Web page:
5 tips for successful organic food fermentation
In today’s blog post I will be sharing my 5 top tips for successful organic food fermentation.   Fermented food (for example, sauerkraut, kimchi, kombucha) is so good for you – its benefits are well documented and recognised today. Fermented foods contain a heap of beneficial probiotics (also known as good bacteria) which are excellent for your gut and can enable better digestion (among other things, like better immunity and overall health). Don't forget to check out Varun Venaik Varun Venaik organic food fermentation However organic fermented food is notorious for being quite expensive (think $10 for a medium sized jar of organic sauerkraut), which means that learning how to ferment can save you a lot of money!   Like many non-traditional food preparation processes, fermentation can seem a little daunting for those who have never done it before. But the process is actually very simple, and with a few little tips and tricks that I’ve set out below, you will be well on your way to creating and enjoying the freshest, tastiest, and healthiest fermented produce.   Note that in this article I’m just talking about fermented vegetables, but there are a lot of other exciting fermented foods that you can make – for example sourdough bread. The process is obviously different, but the benefits are significant no matter what fermented food you’re consuming.    

Use organic and fresh vegetables

This tip might be a little obvious given that my website is all about organic food, but I really don’t want to underestimate the importance of using the freshest organic vegetables (ideally ones you’ve grown yourself!) for fermentation. There is an enormous difference between the taste and quality of the end-product and the fermentation process when you use organic carrots that you have picked out from a super fresh farmers market (or from your backyard) versus carrots that you’ve picked out from a retail supermarket chain store that have travelled many miles and lack zest, quality and flavour. If you use vegetables that are decaying in any way, you are undermining the quality of your end-product.   Using organic vegetables is also critical because using vegetables grown with pesticides will hamper the fermentation process; no matter how much you wash the vegetables, it’s likely that they’ll still have some pesticide residue left, which is not ideal.   For similar reasons, when fermenting vegetables you want to use the best quality unprocessed sea salt that you can get your hands on, and ideally filtered water.  

Buy a digital kitchen scale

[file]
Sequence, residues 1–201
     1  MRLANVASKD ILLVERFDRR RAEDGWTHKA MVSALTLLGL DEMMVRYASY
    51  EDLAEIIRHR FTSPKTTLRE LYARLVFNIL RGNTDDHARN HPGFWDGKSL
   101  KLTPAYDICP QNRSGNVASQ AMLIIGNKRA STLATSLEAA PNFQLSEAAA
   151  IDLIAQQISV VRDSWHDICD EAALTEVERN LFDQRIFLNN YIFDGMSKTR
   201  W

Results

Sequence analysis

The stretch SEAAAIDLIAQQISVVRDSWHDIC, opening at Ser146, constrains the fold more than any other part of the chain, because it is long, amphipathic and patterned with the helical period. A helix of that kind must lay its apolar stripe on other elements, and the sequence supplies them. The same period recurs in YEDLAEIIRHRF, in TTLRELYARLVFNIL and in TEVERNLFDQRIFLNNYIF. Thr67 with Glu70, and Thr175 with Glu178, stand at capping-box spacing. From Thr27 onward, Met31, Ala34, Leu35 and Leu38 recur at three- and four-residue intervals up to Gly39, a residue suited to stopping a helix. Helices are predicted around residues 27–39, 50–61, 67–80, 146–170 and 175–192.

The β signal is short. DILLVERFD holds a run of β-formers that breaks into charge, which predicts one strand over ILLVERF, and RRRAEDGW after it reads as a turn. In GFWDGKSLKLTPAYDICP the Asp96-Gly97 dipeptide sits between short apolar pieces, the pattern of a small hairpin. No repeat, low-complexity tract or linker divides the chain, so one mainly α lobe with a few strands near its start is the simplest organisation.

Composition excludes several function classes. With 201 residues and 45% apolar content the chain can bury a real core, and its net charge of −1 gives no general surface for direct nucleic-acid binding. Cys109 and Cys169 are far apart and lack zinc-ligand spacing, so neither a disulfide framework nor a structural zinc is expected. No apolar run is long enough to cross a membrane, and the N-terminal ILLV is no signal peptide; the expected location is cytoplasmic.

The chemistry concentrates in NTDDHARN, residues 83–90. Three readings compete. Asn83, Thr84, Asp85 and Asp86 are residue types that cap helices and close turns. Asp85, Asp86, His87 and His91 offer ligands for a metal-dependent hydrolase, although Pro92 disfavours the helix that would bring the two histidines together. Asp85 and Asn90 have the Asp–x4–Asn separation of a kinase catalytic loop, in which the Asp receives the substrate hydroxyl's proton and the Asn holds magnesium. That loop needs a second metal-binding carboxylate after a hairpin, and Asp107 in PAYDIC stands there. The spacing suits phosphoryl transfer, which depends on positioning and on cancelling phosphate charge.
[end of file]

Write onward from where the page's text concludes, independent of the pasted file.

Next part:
Digital kitchen scales are essential for proper fermentation. When fermenting, precision is key. Digital kitchen scales will enable you to precisely measure out the amount of vegetables, salt and water that you need to properly ferment. While being a bit loose with measurements and eyeballing it is sometimes okay, with fermentation accuracy is paramount to ensure the best end-product. You can also use these kitchen scales for other purposes, for example, baking.  

Keep vegetables submerged under the liquid

Always make sure your vegetables are kept below the brine to mitigate the risk of bacteria or mould growing on your vegetables. Keep a watchful eye throughout the fermentation process, and if at any point you see that the brine is below the top of the vegetables, make sure to top up the jar with supplementary liquid.  

Keep it simple with spices

Don’t overcomplicate your fermented produce with too many spices – keep it simple and take baby steps. Your vegetables are the star of the show, and you don’t want to overwhelm the end-product with lots of conflicting flavours! You can start small (for example, with some cumin seeds), and then gradually build up to using more spices and more complex flavours.  

Embrace experimentation, and keep a fermentation journal to document any new recipes or ideas

Don’t be afraid to experiment with different vegetables, flavours, spices, and time periods. You might find that some recipes are a raging success while others leave a bit to be desired. That’s the fun of the whole process! Whenever you try any new ingredients, recipes or processes be sure to document exactly what you did and how you did it in a fermentation journal and then document exactly how the end-product turned out as well. This will ensure you can successively improve your processes and ingredients, and ensure you avoid repeatedly making any mistakes.   Happy fermentation! Don't forget to check out Varun Venaik Blog.   Also Read:

One thought on “5 tips for successful organic food fermentation

  1. Varun Venaik this article is awesome – I’ve been trying to make my own fermented foods such as sauerkraut, kimchi and kombucha and these tips are very practical and useful. Thanks a lot!

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